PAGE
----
Depth in the Shallows

Month: July, 2017

True Grit

Made In Detroit

The Fiction Of Elmore Leonard

Leonard, a native of the South who ultimately spent his formative and adult years in the Detroit area, is well-known for capturing the dialogue and conversational oddities of a given place. This is true in his Westerns and crime novels, such as The Moonshine War, set almost entirely in other regions. But it was Detroit, writing in and about, that he was at his best. Reading his books, feels like eavesdropping on a conversation at the Lafayette Coney Island. He was known for spending hours at the courthouse in Detroit picking up language and story ideas. Leonard exceeded the inspiration and parroting dialogue he gathered as an observer. His characters have soul, and it makes even the ugliest sympathetic. In the quote below, a piece he wrote for the Chicago Tribune back in the 80’s, Leonard gets to the heart of Detroit, and to the people that are the heart of the city.

“There are cities that get by on their good looks, offer climate and scenery, views of mountains or oceans, rockbound or with palm trees; and there are cities like Detroit that have to work for a living, whose reason for being might be geographical but whose growth is based on industry, jobs.”


The Prince of Planes

A Flight Of Fancy

Flight to Arras by Antoine de Saint-Exupéry

Saint-Exupéry, throughout his short life, was many things. But he is best remembered as a writer and a pilot. In the early days of commercial flight, he flew routes in Africa and South America. During an international race in 1935, he and his navigator crashed in the Libyan desert and nearly died. They were saved only when a Bedouin on a camel discovered them and rendered aid. This experience is memorialized in Saint-Exupéry’s book, Wind, Sand, and Stars. He also fictionalizes a bit of the experience in his best known work The Little Prince. In Flight to Arras, Saint-Exupéry tells of a terrifying mission over France following the German invasion during WWII. So much of what he wrote is poetic, and yet, it is rooted in harsh realities. It is as if we see the fragile beauty of life best when death lurks in the background. Saint-Exupery went missing on a reconnaissance mission over France in 1944 and was never heard from again.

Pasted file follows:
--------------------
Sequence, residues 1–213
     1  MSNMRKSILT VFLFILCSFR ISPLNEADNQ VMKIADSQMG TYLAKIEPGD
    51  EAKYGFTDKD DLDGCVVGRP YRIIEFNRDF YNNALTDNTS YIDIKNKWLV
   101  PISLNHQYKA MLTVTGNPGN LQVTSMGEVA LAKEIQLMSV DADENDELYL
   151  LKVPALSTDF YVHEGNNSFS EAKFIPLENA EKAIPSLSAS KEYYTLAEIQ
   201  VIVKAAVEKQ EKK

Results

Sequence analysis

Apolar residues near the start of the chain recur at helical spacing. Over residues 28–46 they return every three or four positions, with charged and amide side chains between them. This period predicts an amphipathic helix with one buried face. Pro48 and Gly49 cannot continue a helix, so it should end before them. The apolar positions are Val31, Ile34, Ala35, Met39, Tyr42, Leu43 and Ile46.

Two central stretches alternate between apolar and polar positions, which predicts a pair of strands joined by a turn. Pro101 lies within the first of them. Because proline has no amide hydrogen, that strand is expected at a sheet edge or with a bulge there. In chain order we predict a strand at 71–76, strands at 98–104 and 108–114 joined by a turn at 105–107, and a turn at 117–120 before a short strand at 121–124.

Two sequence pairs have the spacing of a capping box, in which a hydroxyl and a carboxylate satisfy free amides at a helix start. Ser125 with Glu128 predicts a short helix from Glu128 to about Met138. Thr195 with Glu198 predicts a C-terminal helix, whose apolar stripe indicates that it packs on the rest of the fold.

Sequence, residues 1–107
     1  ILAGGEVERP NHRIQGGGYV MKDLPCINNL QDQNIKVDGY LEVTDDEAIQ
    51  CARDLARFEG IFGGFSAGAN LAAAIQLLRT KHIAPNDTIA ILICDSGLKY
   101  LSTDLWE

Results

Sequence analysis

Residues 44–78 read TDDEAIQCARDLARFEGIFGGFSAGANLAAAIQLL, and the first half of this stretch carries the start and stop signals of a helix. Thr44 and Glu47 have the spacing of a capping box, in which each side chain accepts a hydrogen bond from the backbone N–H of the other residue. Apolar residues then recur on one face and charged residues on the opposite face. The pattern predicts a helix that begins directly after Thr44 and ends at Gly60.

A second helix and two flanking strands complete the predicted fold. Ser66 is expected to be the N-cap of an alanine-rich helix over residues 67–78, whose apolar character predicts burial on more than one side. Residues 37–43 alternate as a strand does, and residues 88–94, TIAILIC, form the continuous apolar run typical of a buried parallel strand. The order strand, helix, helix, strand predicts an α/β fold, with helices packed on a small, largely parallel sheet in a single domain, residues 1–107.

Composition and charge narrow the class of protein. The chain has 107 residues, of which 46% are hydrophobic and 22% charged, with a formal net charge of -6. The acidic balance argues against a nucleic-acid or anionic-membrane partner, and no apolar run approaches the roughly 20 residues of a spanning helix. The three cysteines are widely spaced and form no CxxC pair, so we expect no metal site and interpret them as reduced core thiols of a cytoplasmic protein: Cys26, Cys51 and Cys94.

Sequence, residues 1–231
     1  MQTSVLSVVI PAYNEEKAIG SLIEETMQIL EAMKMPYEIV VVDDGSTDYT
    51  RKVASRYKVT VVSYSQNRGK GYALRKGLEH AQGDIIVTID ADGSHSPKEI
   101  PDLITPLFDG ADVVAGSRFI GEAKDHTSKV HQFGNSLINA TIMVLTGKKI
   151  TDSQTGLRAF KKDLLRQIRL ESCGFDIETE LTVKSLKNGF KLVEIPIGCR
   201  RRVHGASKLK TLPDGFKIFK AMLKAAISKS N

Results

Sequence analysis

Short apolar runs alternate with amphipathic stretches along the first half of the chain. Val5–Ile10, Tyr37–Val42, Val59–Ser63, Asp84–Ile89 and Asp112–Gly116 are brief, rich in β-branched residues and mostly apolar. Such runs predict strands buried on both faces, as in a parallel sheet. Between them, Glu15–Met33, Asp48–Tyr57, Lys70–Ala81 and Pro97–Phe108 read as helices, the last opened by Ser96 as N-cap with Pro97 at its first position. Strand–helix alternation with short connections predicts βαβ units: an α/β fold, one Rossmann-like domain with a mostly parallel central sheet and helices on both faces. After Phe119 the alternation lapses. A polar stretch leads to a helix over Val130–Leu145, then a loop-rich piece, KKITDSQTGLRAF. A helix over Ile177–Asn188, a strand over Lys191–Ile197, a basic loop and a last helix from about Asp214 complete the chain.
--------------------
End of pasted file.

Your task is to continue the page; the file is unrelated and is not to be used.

“No single event can awaken within us a stranger totally unknown to us. To live is to be slowly born. It would be a bit too easy if we could go about borrowing ready-made souls.”

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